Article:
The television series the "Antiques Road Show" has certainly captivated the imagination of a large audience, including myself. If nothing else, it has made me much more aware of different styles of furniture and variety of items, and creativity that woodworkers in by-gone years have developed. When this picture arrived in my email box, it definitely caught my attention. A writing desk, seldom seen these days, but much used many decades ago. I knew the writing desk was a new woodworking creation and not an antique, but I wanted to find out more so I emailed the woodworker back and here's what I found out ....



 As it turns out the writing desk was the creation of Chad Boehlke and was based on design from early in 1900s. Chad actually started woodworking when he was around 12 years old (see the value of getting your kids involved in woodworking early !!!) working in his fathers shop making the kinds of projects kids make. His real interest in woodworking began in his late teens when he started collecting tools of his own, and even taking up some blacksmithing to assist in making some of the tools he needed.


Chad has been collecting antiques for some time, and decided to see if he could replicate his favorite antique writing desk. After a close examination, he determined that new technologies in wood and tools could work in his favor to make a similar portable writing desk, and maybe even make it a bit more useful. What I mean specifically by this is that Chad surmised (and I think correctly) that the best kind of a top for a desk like this would be plywood, with a veneered top. Now as we all know plywood was not in use in the early 1900s so woodworkers used other solid wood for the top. The problem with a solid wood top is that it is quite wide and thin, which creates a bit of a problem in that the wood is more susceptible to cracking in in dry conditions. Plywood, with a veneered top eliminates this problem.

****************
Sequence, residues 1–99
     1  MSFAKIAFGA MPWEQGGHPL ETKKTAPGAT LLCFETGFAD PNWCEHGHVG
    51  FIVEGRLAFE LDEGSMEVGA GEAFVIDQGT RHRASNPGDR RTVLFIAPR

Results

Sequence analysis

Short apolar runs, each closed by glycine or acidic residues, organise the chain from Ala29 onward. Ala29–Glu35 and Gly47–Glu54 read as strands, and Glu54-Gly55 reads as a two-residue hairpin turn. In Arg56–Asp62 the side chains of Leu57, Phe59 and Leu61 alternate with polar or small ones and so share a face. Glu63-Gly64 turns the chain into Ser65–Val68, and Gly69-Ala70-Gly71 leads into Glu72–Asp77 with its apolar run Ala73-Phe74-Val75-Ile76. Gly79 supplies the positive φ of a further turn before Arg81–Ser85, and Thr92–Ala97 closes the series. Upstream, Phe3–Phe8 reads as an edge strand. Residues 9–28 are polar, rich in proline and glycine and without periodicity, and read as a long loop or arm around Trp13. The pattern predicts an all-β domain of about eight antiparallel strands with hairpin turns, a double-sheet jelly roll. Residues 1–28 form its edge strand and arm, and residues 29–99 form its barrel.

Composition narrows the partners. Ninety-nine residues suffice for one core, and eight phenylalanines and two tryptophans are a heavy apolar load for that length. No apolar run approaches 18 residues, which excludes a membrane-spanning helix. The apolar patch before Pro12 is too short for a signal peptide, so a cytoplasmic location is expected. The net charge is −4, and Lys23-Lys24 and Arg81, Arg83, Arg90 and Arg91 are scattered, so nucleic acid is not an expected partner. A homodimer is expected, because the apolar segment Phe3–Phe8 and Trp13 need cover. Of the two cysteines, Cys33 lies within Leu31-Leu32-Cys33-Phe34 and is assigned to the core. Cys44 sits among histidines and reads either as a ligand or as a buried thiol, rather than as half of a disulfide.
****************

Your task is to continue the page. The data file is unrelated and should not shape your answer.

The rest of the portable writing desk is made with three different types of wood, and some were even salvaged from old pallets. I love this idea, and have even done some pallet projects myself. You would be astounded to a some woods that are used in making pallets, I have found some very nice exotic woods (you do have to watch out for the nails), that when finished are wonderful. Obviously, Chad has discovered the same secret.
It has taken Chad quite some time to perfect his portable writing desks, and has created a variety of jigs to assist in the process. He uses NO hinges, but rather cotton cloth is used (just as in the late 1800s and early 1900s) as hinge material. His table saw is a vintage 1930s model but he says it works great, and that he likes to use a combination of power and hand tools.

 

 He is already working on his next project ... a version of a type of Civil War portable writing desk. I must say, I am waiting to see what this little gem will look like, I sure in with Chad's talents it will be every bit as good, or even better than the originals ... and maybe, in a couple of hundred years ... your great grand children will be seeing them on the Antiques Road Show 2100 version ...

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